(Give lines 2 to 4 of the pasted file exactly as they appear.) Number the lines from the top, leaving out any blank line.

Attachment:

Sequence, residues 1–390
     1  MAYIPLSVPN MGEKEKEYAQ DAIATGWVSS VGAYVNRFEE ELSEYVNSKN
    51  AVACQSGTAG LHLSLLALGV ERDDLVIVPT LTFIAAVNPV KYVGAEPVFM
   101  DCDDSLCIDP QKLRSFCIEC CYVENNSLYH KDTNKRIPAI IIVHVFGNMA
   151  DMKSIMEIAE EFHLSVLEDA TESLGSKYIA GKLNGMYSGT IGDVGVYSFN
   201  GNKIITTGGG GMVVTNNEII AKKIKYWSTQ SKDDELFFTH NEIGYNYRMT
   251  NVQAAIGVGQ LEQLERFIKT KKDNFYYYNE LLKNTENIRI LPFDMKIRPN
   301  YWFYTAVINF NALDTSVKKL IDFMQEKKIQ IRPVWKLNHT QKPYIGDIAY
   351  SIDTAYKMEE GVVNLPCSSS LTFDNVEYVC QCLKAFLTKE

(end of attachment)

     1  MAYIPLSVPN MGEKEKEYAQ DAIATGWVSS VGAYVNRFEE ELSEYVNSKN
    51  AVACQSGTAG LHLSLLALGV ERDDLVIVPT LTFIAAVNPV KYVGAEPVFM
   101  DCDDSLCIDP QKLRSFCIEC CYVENNSLYH KDTNKRIPAI IIVHVFGNMA